U.S. commanders say the only way to defeat the insurgency is with the support of the local people. In the past, many supported the guerrillas, or were too afraid to cooperate with coalition forces.
A breakthrough came last fall when local sheiks began turning on al-Qaida and other extremist insurgent groups.
For some, it was a reaction against the religious fanaticism and brutality of al-Qaida gangs who had begun overshadowing their own influence. For others, it was a reaction to the growing power of rival Shiite Muslims, who became a majority in government after Saddam's fall. Iraqi army units that patrol Sunni-dominated Ramadi are overwhelmingly Shiite.
With no police or security forces to protect them, local tribesmen depended on their own militias for security. At the behest of the sheiks, many of those militias, including former insurgents, have joined the new police force.
U.S. forces often have stood aside and watched, but not always.
Several months ago, Americans sent help to Ramadi's Abu Soda tribe after it tried to prevent insurgents from using their territory to fire mortars on a nearby American base, said U.S. Army Maj. Jared Norrell.
``We gave them food, fuel, money _ everything we could to try to restore their way of life because they stood up and denied insurgents safe haven,'' Norrell said.
U.S. officers claim similar scripts have played out across the province.
In Ramadi, coalition troops now are trying to peacefully secure the gains.
Outside one new downtown outpost set up several weeks ago, U.S. Marine Capt. Ian Brooks watched a truck siphon up spilled sewage.
``It's very basic,'' he said. ``These people aren't screaming for a Disneyland, Ramadi. What they are asking for is, 'get the sewage out of here, we need electricity, we want the schools to open like in any normal city.'''
In Mulaab, once of the city's most violent areas, U.S. forces sealed off streets with blast walls and concertina wire to keep insurgents out and then conducted a massive security sweep.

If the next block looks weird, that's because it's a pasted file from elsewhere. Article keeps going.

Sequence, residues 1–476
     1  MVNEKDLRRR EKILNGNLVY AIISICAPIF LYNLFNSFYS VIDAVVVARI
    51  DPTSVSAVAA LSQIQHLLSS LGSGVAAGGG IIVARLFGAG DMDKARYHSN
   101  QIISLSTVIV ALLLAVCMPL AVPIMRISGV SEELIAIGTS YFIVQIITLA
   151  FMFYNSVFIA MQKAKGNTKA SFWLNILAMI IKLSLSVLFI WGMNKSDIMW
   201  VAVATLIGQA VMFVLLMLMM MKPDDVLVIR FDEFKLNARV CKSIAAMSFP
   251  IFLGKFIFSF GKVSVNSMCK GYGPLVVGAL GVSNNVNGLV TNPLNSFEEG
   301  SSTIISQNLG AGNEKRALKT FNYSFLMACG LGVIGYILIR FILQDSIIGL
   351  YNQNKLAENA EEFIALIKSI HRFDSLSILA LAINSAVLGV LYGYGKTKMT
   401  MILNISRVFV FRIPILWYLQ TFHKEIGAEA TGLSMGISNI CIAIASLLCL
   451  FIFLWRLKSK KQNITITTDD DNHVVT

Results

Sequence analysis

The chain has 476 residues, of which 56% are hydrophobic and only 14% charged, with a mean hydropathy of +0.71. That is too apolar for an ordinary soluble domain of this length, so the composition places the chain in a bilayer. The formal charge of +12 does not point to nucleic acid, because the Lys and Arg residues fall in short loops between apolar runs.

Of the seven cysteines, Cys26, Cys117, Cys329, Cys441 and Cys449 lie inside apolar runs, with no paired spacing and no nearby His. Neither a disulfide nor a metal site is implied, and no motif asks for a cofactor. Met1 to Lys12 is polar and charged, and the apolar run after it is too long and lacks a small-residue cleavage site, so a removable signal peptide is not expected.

The other sides of the neighborhood are ringed by a canal next to a large American base and a road open only to military traffic.
Residents, banned from using motor vehicles, use donkey carts and bicycles. Many have welcomed the ``gated community,'' and people in other neighborhoods have asked for them, too.
``What we're finding is, once you separate the insurgents from the people and push them out, the residents come forward and tell us where the insurgents did business, where they keep their weapons, where they put IEDs,'' Norrell said.
One insurgent carrying a bomb on a bicycle was tackled by residents and handed over to police, something virtually unheard here before, Charlton said.
The Mulaab's walls came up recently, ahead of a massive security sweep. Today it is quiet, but insurgents are still trying to slip back in. Roadside bombs and weapons caches are found almost everyday, said Iraqi Col. Ali Hussein, who commands an Iraqi battalion that has operated in Mulaab for a year and half.
``Anybody who tells you it's 100 percent cleared of terrorists is lying,'' Hussein said. ``But things have changed.''
During a recent meeting at a new security station, the mustachioed colonel slammed his fist on the table. ``Help the civilians as much as you can. The doctors, the beggars. Give them what you have,'' he told his men. ``Don't leave them hungry, or they'll find another way to fight us.''